2.1 Introduction

2.1 Introduction

Many different forms of commercial conduct by companies may be harmful to competition. However, independent harmful conduct is not covered by Art. 101, as the provision only regulates different types of cooperation: agreements, decisions by associations, or concerted practices.(1) TFEU art. 101 (1) covers: "all agreements between undertakings, decisions by associations of undertakings and concerted practices which may affect trade between Member States and which have as their object or effect the prevention, restriction or distortion of competition within the internal market." The objective of the provision is thus to prevent collusive outcome between competitors, a distinction which has proven to be challenging. Chapter 2 aims to uncover under which circumstances interactions between competing carriers, as well as unilateral conduct on the liner shipping market, may constitute “agreements” or “concerted practices.” The liner shipping industry has traditionally been characterised by multiple links between competitors, which arguably are necessary to ensure safe and efficient maritime transport. Regardless, such links result in many potential cases of “cooperation” falling under the scope of Art. 101.

EU competition law operates with a wide concept of an “agreement.” The fundamental condition was specified in the case Bayer as a “concurrence of wills between economic operators on the implementation of a policy, the pursuit of an objective, or the adoption of a given line of conduct on the market.”(2) Case T-41/96 Bayer AG v Commission para.173. The decisive is not the form of the agreement, but rather its content, illustrated by cases where oral agreements,(3) Case 28/77 Tepea BV v Commission para.41. and “gentleman’s agreements”(4) Case T‑53/03 BPB plc v Commission para.82. are covered.

However, many forms of cooperation are not captured by the concept of an agreement, and undertakings may easily circumvent it.(5) Albors-Llorens (2006) p.840. Thus, to further widen the scope of Art. 101, the concept of “concerted practice” aims at prohibiting

“a form of coordination between undertakings which, without having reached the stage where an agreement properly so-called has been concluded, knowingly substitutes practical cooperation between them for the risks of competition.”(6) Case 48-69 Imperial Chemical Industries v Commission (ICI) para.64.

The criterion of “knowingly substituting” practical cooperation excludes mere “accidental” coordination, where competing carriers independently pursue similar conduct on the market. It requires reciprocal cooperation, a meeting of minds, or a joint intention by the undertakings to conduct themselves in a specific way.(7) Dunne et al. (2019) p.177. Moreover, the condition requires causation between the contact in question and the parties’ conduct, and the Court has taken the stance that undertakings are presumed to take account of the information exchanged with their competitors.(8) Case C-8/08 T-Mobile Netherlands BV and Others v Raad van bestuur (T-Mobile) paras.52-53.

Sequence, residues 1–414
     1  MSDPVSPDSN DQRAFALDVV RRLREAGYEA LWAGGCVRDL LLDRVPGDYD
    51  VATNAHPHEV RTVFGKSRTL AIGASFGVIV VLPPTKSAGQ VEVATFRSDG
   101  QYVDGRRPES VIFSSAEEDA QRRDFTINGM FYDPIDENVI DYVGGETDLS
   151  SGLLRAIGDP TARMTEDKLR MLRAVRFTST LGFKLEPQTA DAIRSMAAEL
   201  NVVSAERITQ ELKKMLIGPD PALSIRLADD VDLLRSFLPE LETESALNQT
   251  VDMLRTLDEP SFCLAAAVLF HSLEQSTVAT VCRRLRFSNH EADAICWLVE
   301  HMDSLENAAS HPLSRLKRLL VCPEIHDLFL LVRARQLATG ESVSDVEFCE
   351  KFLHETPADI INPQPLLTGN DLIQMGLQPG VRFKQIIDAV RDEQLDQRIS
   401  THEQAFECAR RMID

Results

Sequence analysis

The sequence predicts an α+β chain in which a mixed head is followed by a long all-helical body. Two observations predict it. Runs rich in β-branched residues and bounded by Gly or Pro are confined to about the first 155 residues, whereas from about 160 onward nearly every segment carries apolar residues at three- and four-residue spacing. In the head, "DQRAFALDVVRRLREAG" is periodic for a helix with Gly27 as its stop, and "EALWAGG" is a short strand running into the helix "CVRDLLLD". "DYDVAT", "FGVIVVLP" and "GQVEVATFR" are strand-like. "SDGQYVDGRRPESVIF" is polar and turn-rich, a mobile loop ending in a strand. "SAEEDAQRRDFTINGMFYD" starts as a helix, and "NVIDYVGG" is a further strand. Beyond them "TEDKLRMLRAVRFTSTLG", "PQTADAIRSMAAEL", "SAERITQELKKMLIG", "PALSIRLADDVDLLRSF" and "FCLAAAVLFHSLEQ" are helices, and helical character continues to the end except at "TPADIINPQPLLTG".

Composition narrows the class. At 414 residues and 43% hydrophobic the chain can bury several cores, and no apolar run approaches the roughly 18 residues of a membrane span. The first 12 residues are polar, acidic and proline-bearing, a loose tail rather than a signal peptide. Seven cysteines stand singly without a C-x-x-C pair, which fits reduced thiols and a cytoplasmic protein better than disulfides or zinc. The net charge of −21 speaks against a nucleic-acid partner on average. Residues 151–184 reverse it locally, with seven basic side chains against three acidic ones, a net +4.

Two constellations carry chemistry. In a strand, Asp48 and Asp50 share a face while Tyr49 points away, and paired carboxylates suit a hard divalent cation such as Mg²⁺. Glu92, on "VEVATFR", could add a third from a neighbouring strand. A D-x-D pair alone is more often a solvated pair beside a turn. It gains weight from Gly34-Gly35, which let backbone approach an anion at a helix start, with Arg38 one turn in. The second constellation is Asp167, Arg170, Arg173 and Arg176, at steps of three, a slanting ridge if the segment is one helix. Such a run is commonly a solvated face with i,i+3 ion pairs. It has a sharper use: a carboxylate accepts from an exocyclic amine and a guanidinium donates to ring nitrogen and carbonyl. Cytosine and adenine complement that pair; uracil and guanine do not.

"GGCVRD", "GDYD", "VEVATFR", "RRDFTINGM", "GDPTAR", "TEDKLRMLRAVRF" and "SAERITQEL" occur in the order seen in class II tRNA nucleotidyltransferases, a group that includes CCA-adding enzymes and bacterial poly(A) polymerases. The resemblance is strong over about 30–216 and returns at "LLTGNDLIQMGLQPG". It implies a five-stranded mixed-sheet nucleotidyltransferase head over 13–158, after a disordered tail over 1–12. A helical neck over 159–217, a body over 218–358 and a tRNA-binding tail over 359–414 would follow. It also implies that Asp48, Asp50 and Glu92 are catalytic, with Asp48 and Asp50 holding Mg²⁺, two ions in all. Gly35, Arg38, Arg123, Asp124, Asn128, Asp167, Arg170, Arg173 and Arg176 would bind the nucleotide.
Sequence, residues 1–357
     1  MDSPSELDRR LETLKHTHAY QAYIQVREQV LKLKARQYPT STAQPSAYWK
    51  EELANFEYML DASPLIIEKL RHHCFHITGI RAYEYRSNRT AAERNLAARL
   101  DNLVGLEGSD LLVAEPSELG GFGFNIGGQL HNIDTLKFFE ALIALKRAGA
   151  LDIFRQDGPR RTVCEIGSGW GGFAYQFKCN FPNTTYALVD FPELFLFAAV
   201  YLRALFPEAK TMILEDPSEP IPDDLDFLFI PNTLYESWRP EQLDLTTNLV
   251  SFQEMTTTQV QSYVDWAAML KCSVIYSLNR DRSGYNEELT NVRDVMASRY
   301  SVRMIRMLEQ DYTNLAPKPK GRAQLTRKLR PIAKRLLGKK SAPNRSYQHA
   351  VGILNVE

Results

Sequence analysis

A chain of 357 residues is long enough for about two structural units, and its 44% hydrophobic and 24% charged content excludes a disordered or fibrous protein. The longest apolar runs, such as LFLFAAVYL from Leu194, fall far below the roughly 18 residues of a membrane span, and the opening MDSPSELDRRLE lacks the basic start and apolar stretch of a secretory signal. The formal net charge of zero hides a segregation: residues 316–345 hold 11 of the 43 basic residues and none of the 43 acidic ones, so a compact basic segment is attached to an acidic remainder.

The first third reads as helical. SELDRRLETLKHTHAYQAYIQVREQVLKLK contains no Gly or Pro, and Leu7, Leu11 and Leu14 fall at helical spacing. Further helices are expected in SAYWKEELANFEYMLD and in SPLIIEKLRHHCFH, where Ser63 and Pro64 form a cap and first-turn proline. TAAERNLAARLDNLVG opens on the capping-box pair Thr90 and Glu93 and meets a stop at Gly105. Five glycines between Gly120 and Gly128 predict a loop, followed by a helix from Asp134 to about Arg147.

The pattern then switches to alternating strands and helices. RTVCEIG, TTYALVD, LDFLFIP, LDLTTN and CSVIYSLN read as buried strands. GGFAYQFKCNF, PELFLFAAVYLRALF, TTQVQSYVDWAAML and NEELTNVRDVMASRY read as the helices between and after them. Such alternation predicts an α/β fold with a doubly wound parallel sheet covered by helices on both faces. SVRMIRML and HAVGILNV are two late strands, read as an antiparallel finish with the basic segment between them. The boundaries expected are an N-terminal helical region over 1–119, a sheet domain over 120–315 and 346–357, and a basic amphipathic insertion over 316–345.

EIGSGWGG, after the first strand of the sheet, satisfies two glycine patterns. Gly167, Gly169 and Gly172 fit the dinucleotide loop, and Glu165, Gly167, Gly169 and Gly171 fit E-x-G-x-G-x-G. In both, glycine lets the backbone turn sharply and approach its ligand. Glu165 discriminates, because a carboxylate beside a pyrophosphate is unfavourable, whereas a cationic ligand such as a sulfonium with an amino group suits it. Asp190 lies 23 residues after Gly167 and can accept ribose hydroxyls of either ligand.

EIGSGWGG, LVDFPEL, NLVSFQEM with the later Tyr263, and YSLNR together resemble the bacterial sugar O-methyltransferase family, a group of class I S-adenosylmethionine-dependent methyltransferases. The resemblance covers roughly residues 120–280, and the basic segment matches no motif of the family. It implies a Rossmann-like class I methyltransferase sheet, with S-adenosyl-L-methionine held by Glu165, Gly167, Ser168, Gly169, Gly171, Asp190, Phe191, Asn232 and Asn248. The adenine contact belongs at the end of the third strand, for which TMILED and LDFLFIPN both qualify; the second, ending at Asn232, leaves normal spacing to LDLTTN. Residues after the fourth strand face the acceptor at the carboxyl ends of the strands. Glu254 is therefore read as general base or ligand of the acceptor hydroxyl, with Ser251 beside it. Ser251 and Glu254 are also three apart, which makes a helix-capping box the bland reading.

With complex forms of cooperation developing, the lines between agreements and concerted practices are blurred. This may hold especially true for information exchanged in increasingly concentrated markets, such as the liner shipping market. Although the alternative nature of the condition may imply that regulators must place the relevant cooperation within a “box”, the CJEU has rejected such an approach. The case Anic concerned a practice of regular meetings between competing producers of polypropylene. The Court confirmed that “a single and complex infringement, corresponding partly to an agreement and partly to a concerted practice”(9) Case C-49/92 P Commission v Anic Partecipazioni para.114. falls under the scope of Art. 101 (1). The decisive question is therefore not whether the information exchange constitutes an “agreement” or “concerted practice”, but rather whether the lower threshold of “concerted practices” is reached. Thus, it is an “unimportant” classification to define the exact point at which an agreement ends, and concerted practice begins.(10) Opinion of AG Reischl in Case C-209/78 Van Landewyck v Commission p.3310.

Put simply, one can distinguish between “pure” information exchanges, where the main economic function lies in the exchange itself,(11) Camesasca and Schmidt (2011) pp.227-228. and “ancillary” information exchanges, where the information is but a part of a wider arrangement such as an agreement.(12) Bennett & Collins (2010) p.328. The former should be analysed concretely, taking into account all its characteristics to determine whether it constitutes a concerted practice. The latter should be analysed in the context of its “channel”, for instance a vessel-sharing agreement.(13) Communication 2011/C11/01 para.56.

Having in mind the legal concepts of agreements and concerted practices, Section 2.2 introduces different forms of cooperation relevant to liner shipping, before moving on to when information exchanges can constitute concerted practices in Section 2.3.